In addition to my team of black-clad officers, there are hotel security personnel, Minneapolis police, an odd guardsman, state trooper or sheriff’s officer, another squad of hired officers (from a different private firm), and members of the FBI, Capitol Police (in suits) and Secret Service (in nicer suits). If you include the Evangelicals, nearly every person at the RNC headquarters has a voice whispering in his ear.
The voice whispering in my ear belongs to my operations supervisor, Charlie, a good-humored young private detective, who looks like the approachable guy in a boy band, walks like a determined penguin and has a tendency to giggle. He posts me to the front of the building, where I soon witness a heartbreaking exchange. A stocky man in a Hawaiian shirt walks up to a strapping young TV news producer who’s milling around with his camera crew. The stocky man says, “Hi, I’m a delegate from Kentucky. Which station you guys from?”
“We’re from New York,” replies the producer, turning his back on the man.
The Capitol policemen order pizza; the Secret Service, on the other hand, splurges. A Secret Service agent — a linebacker with glasses — walks past me with two big bags of takeout, en route to his undisclosed location upstairs. As he passes, he winks at me and says, “A little sushi action for the fellas.”
My partner, who just finished police academy, says, “Man, those guys got style, don’t they?”
I ask an older gentleman — a delegate from Idaho who seems to go by the name “Doc” — to open his bag for a security search.
“If you want to be a real cop,” he says, “you got to be more forceful. Try again.”
I’ve been standing for four hours in pants that are two sizes too small; I’m developing welts in strange places and rapidly losing patience for what seems to be an endless train of preppy wiseguys.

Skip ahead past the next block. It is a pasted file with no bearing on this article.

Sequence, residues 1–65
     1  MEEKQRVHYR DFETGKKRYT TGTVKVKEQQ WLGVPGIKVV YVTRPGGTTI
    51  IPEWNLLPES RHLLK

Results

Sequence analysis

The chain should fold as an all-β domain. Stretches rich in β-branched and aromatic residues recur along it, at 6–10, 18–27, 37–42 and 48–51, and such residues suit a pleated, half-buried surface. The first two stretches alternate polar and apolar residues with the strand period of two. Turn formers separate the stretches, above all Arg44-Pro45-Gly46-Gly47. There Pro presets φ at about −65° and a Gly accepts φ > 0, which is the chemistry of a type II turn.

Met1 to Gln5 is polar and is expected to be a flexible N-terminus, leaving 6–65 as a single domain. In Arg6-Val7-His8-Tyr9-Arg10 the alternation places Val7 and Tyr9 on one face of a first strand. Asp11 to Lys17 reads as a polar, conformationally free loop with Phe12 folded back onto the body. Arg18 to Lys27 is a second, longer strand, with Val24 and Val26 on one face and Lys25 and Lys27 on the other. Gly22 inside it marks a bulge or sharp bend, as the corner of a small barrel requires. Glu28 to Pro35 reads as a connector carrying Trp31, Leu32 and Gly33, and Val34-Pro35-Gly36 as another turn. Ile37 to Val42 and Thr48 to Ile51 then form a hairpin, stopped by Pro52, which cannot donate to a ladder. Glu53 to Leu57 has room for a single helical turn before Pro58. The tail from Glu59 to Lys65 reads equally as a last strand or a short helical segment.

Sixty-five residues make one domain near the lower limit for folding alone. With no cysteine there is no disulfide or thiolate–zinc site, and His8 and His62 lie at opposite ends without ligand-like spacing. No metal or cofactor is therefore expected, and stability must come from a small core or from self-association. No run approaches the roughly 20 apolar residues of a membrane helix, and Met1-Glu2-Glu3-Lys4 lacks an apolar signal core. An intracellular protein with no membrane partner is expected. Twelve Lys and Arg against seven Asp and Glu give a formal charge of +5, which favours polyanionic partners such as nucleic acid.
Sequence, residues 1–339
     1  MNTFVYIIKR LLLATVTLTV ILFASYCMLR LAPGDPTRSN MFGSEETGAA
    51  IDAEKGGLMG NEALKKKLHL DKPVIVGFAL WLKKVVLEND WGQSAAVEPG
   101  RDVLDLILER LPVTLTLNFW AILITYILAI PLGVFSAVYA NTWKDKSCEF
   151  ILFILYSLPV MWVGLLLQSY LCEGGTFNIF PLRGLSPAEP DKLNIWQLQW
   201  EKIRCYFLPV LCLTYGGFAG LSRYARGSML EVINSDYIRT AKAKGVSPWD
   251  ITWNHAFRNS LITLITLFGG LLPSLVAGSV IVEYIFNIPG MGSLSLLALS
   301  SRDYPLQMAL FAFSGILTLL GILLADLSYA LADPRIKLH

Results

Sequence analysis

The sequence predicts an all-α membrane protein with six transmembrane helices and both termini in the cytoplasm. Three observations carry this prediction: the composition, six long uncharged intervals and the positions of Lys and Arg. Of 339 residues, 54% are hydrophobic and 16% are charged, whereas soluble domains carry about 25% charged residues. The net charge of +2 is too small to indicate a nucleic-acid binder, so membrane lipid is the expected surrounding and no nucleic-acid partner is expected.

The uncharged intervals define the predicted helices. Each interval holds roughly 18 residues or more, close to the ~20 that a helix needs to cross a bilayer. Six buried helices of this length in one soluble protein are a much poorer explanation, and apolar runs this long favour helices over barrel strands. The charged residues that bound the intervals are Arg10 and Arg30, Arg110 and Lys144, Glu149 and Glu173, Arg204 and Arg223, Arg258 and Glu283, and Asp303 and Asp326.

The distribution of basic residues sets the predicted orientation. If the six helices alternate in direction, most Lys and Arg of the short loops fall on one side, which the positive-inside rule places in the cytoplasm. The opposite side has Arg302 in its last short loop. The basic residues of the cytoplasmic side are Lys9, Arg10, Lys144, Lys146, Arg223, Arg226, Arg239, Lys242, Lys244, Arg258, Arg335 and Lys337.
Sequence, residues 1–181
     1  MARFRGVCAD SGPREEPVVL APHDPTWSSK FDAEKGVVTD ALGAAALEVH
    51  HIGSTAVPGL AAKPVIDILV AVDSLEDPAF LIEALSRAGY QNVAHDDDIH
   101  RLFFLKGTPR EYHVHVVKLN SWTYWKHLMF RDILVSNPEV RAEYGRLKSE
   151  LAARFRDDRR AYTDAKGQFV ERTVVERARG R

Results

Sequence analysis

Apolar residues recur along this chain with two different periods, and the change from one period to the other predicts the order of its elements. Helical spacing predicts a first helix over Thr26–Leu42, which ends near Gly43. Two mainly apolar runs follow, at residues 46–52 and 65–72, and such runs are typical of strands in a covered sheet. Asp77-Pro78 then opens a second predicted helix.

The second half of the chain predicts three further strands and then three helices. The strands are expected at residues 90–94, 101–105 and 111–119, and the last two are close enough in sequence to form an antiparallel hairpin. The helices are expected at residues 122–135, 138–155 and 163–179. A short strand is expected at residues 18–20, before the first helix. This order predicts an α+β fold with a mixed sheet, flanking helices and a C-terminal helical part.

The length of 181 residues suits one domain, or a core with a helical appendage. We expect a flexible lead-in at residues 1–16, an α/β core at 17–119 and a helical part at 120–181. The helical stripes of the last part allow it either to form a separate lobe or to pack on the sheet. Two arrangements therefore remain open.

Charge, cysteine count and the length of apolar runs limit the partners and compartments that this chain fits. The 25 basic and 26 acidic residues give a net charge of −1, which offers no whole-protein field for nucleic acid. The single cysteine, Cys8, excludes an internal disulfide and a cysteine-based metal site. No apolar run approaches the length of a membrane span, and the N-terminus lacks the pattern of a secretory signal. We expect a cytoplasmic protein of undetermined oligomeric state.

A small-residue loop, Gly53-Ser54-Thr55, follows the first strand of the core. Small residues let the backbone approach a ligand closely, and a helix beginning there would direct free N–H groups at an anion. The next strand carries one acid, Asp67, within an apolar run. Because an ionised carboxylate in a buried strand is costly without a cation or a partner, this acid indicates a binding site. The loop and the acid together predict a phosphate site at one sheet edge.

“Sir, open your bag for me,” I say. “Please.”
“Good,” he says. “Much better.”
The first wave of delegates, staffers, lobbyists and hangers-on are returning from their parties. I’m still guarding the front door. My first drunk: a guy whose dress shirt is recklessly untucked, his “McCain for America” pin dangling precariously from his lapel. Looking for his credentials, he fumbles around for almost five full minutes.
A car stops in front of the entrance. A man and a woman emerge and exchange a long meaningful hug. They whisper for a bit. Then the woman goes into the hotel and the man steps back into the car and drives away.
“Cheaters,” says my new partner, Scott Mendes. “They both got wedding rings.”
Two discussions about the war in Iraq suddenly take place.
The first discussion is among a group of young Republicans standing in front of the Hyatt smoking cigars — party favors from the Giuliani party. The men are all similarly clad in J. Press; some in houndstooth, some in navy blue blazers. The girlfriends, however, wear designer cocktail dresses.
“I’m sick of this chickenshit,” says one guy, a sturdy Stanford 2L. “I hear too much apologizing for the war. We should all get behind McCain and stand up proudly and use the ‘W’ word. We have to tell the voters, ‘No, we’re not just making gains, we are winning this war.’”